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'No Easy Day': six top revelations from book on the bin Laden mission

The Navy SEAL Team 6 operators hand-picked to raid Osama bin Laden’s compound in 2011 had some unwelcome surprises waiting for them as they hit the ground, according to Matt Bissonnette in his controversial book “No Easy Day.” The training that went into the mission included key help from female operators, practical jokes, and an audition of sorts for top US officials, who watched it before deciding whether the Special Operations Forces should go ahead with the raid.

- Anna MulrineStaff writer

3. Women were pivotal to the bin Laden mission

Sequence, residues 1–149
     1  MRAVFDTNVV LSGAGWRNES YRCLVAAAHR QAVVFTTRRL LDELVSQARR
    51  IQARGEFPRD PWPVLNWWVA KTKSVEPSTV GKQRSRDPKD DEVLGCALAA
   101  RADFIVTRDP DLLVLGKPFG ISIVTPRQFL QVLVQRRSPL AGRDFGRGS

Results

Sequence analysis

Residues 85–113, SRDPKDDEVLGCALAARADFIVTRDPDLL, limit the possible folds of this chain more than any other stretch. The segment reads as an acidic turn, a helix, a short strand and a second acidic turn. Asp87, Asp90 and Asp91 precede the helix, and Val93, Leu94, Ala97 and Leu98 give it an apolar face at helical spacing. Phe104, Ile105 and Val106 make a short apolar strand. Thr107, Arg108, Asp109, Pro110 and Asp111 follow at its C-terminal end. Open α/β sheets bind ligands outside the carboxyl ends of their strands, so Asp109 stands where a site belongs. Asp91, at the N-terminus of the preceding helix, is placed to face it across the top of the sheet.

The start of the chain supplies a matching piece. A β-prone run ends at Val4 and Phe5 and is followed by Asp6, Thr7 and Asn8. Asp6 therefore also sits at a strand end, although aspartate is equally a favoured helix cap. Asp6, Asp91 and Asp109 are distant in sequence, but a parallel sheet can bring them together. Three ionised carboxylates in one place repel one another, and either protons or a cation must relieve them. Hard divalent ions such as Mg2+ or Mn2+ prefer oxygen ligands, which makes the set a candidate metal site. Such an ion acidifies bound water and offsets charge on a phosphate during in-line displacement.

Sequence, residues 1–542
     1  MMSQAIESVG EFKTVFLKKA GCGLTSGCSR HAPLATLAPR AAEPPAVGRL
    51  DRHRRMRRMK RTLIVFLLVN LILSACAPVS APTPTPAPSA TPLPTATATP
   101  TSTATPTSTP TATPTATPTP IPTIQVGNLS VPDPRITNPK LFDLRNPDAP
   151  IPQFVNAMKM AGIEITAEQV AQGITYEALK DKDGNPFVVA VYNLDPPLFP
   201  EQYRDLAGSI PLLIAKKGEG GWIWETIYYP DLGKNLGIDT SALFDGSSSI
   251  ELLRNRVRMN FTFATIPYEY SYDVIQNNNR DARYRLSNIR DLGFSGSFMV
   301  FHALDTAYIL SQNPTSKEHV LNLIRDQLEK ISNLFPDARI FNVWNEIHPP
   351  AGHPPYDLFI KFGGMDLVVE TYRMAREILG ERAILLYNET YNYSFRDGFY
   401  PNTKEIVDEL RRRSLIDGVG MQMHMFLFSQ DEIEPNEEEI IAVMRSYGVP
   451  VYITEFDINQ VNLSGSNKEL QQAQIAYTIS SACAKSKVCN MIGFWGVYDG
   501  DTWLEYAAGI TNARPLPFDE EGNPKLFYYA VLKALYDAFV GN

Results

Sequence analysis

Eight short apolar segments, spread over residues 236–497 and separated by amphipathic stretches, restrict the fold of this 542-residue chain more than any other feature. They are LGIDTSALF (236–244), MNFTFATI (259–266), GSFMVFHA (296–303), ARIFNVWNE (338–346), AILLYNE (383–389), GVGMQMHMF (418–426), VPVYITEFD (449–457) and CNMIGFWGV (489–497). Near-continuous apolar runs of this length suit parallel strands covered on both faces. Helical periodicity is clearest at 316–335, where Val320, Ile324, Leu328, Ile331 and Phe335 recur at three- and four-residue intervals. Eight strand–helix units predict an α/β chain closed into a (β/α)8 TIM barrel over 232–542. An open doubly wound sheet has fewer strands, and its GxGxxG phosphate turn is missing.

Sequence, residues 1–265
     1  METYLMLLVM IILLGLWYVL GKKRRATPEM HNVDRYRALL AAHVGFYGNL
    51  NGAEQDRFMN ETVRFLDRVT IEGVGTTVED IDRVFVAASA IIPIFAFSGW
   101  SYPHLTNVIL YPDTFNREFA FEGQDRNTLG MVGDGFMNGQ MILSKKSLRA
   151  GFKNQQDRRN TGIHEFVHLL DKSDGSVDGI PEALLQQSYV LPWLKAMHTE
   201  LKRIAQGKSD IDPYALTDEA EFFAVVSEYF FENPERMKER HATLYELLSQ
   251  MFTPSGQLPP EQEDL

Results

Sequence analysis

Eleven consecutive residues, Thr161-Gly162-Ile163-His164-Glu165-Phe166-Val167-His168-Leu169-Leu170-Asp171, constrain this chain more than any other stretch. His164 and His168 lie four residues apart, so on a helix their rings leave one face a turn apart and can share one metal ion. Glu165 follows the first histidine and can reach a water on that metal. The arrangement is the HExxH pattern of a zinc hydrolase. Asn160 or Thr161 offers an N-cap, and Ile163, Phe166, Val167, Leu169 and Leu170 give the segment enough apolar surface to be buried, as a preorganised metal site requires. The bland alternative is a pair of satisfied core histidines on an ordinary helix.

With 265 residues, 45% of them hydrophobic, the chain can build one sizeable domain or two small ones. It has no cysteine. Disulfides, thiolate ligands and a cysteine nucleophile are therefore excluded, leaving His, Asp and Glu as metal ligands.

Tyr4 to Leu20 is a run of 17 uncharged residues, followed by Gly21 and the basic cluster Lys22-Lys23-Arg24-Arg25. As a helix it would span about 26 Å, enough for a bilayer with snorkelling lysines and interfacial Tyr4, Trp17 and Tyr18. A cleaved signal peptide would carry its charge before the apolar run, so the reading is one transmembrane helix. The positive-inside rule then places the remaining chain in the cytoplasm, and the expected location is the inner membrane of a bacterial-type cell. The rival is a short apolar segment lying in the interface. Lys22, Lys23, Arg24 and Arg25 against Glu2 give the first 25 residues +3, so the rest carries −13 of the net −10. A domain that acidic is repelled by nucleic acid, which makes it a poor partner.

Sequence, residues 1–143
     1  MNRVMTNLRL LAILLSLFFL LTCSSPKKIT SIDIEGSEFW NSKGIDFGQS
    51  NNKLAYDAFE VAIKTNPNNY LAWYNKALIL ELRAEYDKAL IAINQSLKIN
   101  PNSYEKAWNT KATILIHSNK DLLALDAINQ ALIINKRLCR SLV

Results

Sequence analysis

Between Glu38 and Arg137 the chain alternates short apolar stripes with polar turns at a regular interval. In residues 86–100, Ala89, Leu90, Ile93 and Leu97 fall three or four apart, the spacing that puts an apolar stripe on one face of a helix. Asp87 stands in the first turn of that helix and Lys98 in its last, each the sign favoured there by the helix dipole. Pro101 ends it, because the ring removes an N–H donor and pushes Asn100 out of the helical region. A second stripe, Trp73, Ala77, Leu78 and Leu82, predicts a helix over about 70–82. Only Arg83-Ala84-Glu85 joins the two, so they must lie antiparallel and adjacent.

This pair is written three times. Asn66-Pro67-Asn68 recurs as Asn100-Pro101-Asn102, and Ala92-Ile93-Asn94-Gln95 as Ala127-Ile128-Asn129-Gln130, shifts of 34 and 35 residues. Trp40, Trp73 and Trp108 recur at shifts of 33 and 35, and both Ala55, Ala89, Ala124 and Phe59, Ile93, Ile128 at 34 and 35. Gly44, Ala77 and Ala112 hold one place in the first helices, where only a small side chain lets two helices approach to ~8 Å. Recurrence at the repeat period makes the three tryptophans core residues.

The SEAL team was given the green light by a CIA analyst with the pseudonym “Jen” who was “the main force” behind tracking bin Laden to Abbottabad, the Pakistani town that is also home to the country’s premiere military academy. Before the SEAL team was launched, Bissonnette writes, this analyst told them that “she was one hundred percent certain that [bin Laden] was there.”

“This was her baby,” Bissonnette writes. “Jen and her team spent five years tracking [bin Laden] to get us to where we are now. We were just there to finish the job."

A woman from the National Geospatial-Intelligence Agency “took care of the maps and satellite images for us,” Bissonnette writes. “She provided any detail – big or small.”


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